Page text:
The Apatani community of Arunachal Pradesh sees red over a wildlife research article that paints their hunting practices with stereotypical colours
The Apatani community members in Arunachal Pradesh have protested against an article published by researchers of the Wildlife Institute of India in the Current Science journal. The article ‘Losing threatened and rare wildlife to hunting in Ziro valley, Arunachal Pradesh, India’ written by four wildlife researchers indicated that the Apatani people hunt primarily for subsistence.
The study, based on a survey and semi-structured questionnaire of 85 households in six Apatani villages in the Ziro valley, led the researchers to claim that the predominately subsistence hunting of rare and threatened animals was leading to “pressure” on mammals in the region. Linking up this “pressure” to threat to the eco-system, the researchers concluded “faunal depletion in tropical forests will have myriad consequences and devastating effect on the ecosystem”.
The paper then went on to quote from dozens of other research papers on wildlife hunting in Madagascar, Southeast Asia, Africa and the Amazon to draw a set of rather prosaic statements on how wildlife hunting by communities threatened mammals and other wildlife leading to “mass extinctions” in some cases. It then offered the staid advice that most wildlife researchers have to offer: “Though hunting of wildlife is mostly done for subsistence in this region, access to the markets drives the hunters beyond their subsistence needs to additional income and this needs to be curtailed by enforcing strict protection to the wildlife.”
The researchers signed off with a rather banal conclusion that again is easily found in research papers: “Tackling wildlife hunting should be addressed from both the conservation and development perception, and will require an interdisciplinary approach cautiously incorporating social, economic, ecological and political components.”
On most occasions, the research would have just got filed in to credit points for the researchers at India’s premier wildlife and conservation research centre. But a vigilant community leadership of the Apatani with the help of some other researchers took notice of the study and its sweeping statements. They came out to challenge the researchers not only for their conclusions but also their methods.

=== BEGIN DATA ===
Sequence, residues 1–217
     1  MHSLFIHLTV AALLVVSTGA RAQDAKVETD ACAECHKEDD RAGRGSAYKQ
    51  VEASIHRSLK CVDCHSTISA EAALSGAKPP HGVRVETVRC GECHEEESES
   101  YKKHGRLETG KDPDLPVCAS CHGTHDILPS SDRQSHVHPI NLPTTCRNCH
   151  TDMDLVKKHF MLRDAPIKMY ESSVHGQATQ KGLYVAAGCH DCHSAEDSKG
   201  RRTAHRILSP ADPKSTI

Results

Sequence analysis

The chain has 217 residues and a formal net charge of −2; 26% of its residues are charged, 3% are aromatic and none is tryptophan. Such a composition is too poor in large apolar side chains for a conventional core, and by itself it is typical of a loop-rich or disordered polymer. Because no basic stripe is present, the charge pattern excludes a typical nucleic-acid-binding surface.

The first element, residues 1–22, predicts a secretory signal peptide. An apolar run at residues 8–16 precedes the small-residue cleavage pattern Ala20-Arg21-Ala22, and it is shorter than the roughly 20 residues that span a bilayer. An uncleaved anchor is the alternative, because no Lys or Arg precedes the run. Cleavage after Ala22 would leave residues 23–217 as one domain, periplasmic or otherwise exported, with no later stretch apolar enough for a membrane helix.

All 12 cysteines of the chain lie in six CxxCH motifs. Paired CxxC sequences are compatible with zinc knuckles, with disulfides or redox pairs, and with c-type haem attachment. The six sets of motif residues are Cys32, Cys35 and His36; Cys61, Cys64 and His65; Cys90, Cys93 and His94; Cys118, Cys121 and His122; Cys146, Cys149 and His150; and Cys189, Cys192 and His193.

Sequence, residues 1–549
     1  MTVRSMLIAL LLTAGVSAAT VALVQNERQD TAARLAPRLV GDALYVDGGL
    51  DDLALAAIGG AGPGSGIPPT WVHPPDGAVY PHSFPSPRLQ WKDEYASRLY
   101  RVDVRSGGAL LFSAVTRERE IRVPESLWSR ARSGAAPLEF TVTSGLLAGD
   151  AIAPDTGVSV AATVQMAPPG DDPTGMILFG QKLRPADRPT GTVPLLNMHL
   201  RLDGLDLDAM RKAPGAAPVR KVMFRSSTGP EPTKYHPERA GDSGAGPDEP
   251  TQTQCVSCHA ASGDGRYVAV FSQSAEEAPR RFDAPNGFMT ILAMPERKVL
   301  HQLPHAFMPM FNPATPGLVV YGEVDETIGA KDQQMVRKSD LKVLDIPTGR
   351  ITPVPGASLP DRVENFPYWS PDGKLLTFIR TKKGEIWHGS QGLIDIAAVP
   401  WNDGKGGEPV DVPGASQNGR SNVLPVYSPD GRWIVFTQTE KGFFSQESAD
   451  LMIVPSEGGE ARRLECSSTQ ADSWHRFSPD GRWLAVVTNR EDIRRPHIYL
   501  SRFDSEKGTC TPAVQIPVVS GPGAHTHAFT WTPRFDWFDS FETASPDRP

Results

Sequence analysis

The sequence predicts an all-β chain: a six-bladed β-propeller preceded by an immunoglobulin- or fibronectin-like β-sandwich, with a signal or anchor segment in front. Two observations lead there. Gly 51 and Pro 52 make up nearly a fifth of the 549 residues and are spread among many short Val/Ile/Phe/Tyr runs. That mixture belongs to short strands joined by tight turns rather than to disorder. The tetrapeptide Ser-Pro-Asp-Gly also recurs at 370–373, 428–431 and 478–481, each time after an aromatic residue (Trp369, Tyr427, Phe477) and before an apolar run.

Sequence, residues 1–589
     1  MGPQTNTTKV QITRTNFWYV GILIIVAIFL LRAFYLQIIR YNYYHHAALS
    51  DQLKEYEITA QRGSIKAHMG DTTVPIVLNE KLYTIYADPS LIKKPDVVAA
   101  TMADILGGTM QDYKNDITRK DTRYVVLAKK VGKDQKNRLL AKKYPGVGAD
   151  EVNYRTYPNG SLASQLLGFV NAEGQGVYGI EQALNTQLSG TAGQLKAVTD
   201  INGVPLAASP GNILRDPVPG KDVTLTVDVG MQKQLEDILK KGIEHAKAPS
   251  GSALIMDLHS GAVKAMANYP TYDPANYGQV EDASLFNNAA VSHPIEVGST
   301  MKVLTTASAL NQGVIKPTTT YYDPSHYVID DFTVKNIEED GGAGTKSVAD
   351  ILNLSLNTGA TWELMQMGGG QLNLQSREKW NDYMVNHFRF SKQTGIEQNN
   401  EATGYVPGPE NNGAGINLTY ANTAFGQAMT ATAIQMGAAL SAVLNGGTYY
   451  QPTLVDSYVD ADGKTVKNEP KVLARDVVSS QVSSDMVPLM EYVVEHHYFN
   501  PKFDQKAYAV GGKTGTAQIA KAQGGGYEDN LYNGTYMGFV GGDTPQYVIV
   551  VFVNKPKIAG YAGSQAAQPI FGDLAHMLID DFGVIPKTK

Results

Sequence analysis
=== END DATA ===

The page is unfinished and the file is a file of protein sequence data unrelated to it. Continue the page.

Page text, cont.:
The critique was scathing. Members of NgunuZiro, a community organisation of the Apatani people, pointed out various discrepancies in the survey methodology due to which they claimed misleading conclusions were made. They noted, “According to the authors, semi-structured questionnaire designed for Asiatic Wild Dog Project was used in the survey. Interestingly, the questionnaire is claimed to have been applied in six Apatani villages with the help of an auto-rickshaw driver whose name does not sound like an Apatani name.” The researchers had mentioned one Rubo Tahi, a driver and another Manas Hazarika as field assistants who helped collect data.
On the substance, the organisation had this to say: “The main conclusion of the survey is based on encounter rate of animal skins in the villages. This is not reliable indicator of present hunting practice as centuries old animal skins are preserved by the tribal people.” In a release the group sent to the journal as a rebuttal of the paper stated, “54.11 per cent hunting for subsistence is ridiculous as not a single Apatani depend on hunting for his livelihood today. Moreover, the survey lists sambar as one of the most frequently hunted animals at Ziro valley whereas the animal has never been documented in the area.”
The NgunuZiro head, Hibu Tatu, pointed to a research carried out earlier in the Ziro valley in collaboration with three reputable institutions — Future Generations Arunachal Pradesh, Ashoka Trust for Research in Ecology and Environment and Critical Ecosystem Protection Fund (CEPF) which had thrown up completely contrary results. Their study had shown that 47 per cent of hunting occurred for recreational purposes and this in fact led to a movement within the community to try and discourage hunting.
The strong rebuttal from the Apatani people of scientific research, that too, in the ‘language of rational science and statistics’ is still a rare phenomenon in the world. Communities in the northeast, wary of being captured repeatedly in research to fit traditional stereotypes, have begun to argue back. For the wildlife research community, the perception and sweeping judgment over tribal communities’ traditional practices, its impact on wildlife and forests is also well documented. But assertive communities are now able to engage with the language of the academia; careful about how they are portrayed, they have begun to question not only the methods, the findings but also the stereotypical prescriptions often dished out too often. The Apatani fight back is one good example of the communities that no more accept being treated as merely ‘objects’ of scientific studies.